Many high income earners we meet have a strong dislike for the word “taxes” – not because they don’t want to pay their fair share, but because our federal government’s definition of their “fair share” doesn’t typically agree with theirs.
Currently, the top federal tax rate on ordinary income is almost 40%. But that doesn’t tell the whole story. Let’s look at a few additional taxes on high-income earners.
- There’s an additional 3.8% tax on Net Investment Income for couples with MAGI above $250,000 (or $200,000 for single taxpayers). This came about through the Affordable Care Act.
- Those in the top tax bracket also see an increase in their long-term capital gains and qualified dividends tax from 15% to 20%. So this 20% + the 3.8% creates a whopping 23.8% tax (not including any potential state or local tax).
- Also, a “phase out” (aka reduction) of itemized deductions and personal exemptions starts for couples with AGI of about $310,000 for 2015. To illustrate these “phase-outs,” imagine Uncle Sam holding a coin while creating new tax laws. His caption would read, “Heads I win; tails you lose.” Heads would represent the increase in the tax rate while tails would represent these “phase outs” of deductions. Both result in higher taxes for certain high-income earners.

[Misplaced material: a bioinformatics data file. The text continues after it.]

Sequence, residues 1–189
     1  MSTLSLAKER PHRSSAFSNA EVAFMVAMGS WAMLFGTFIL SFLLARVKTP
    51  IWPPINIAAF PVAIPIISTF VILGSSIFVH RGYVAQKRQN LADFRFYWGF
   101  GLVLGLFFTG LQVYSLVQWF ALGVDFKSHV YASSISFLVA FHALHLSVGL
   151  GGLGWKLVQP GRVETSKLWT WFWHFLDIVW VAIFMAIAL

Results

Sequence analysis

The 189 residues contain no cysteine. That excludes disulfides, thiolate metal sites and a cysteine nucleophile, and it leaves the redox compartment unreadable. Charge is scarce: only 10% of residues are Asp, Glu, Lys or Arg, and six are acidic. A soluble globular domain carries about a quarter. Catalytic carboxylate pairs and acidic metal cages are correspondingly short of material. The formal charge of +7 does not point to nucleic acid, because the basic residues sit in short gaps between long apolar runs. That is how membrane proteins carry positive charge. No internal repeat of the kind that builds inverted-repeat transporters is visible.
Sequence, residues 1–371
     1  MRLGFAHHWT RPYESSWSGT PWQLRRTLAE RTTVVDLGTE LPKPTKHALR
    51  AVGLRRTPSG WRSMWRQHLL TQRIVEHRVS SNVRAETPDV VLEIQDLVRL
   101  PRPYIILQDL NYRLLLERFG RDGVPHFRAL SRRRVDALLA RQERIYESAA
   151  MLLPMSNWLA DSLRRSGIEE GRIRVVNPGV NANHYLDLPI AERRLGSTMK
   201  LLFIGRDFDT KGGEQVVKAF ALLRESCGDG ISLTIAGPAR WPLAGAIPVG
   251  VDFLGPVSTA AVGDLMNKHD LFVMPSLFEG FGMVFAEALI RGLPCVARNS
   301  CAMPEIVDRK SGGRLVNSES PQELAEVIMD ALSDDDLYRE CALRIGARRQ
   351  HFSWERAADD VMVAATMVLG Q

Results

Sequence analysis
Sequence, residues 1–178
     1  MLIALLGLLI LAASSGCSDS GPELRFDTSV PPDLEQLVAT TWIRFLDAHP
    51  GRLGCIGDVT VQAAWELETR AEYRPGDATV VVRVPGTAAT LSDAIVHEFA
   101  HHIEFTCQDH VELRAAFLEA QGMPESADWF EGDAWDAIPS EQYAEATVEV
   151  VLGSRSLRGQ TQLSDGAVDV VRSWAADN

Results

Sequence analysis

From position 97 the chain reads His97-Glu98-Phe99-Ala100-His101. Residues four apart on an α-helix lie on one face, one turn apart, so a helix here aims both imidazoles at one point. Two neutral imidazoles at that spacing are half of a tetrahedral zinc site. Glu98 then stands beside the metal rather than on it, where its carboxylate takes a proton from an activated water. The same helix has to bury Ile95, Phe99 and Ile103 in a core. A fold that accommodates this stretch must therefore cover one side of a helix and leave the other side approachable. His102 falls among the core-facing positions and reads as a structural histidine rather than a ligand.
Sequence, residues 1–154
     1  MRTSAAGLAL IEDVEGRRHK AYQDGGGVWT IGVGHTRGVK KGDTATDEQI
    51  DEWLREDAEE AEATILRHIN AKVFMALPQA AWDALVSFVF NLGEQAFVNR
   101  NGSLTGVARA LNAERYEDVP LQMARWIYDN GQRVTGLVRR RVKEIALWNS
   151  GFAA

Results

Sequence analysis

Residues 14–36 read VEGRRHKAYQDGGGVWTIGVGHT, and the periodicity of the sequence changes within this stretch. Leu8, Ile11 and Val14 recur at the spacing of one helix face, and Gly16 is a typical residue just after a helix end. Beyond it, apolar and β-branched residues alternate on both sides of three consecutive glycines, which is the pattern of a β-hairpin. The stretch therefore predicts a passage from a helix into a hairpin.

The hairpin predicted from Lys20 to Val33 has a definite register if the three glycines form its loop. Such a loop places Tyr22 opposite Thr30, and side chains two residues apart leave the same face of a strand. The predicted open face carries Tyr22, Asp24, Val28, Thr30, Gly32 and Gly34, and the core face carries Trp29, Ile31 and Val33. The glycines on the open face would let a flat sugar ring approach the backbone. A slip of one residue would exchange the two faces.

Now, these are just a few examples. You work hard to create a good income. Be wise in your planning to ensure you don’t pay Uncle Sam more than the law requires. Remember…he’s not really your uncle!
If you find yourself in this type of situation or one similar you are not alone. Let’s start a conversation as we are purposely built to help.
Published: August 28, 2015
Authored by: Terry Prather, CFP®, ChFC®
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The information in this material is only as current as the date indicted, and may be superseded by subsequent market events or for other reasons. Statements concerning financial market trends are based on current market conditions, which are subject to change and which Payne Wealth Partners, Inc. does not undertake to update. While all information prepared in this document is believed to be accurate, any statements of opinion constitute only current opinions of Payne Wealth Partners, Inc., which are subject to change and which Payne Wealth Partners, Inc. does not undertake to update. Accordingly, you should not put undue reliance on these statements.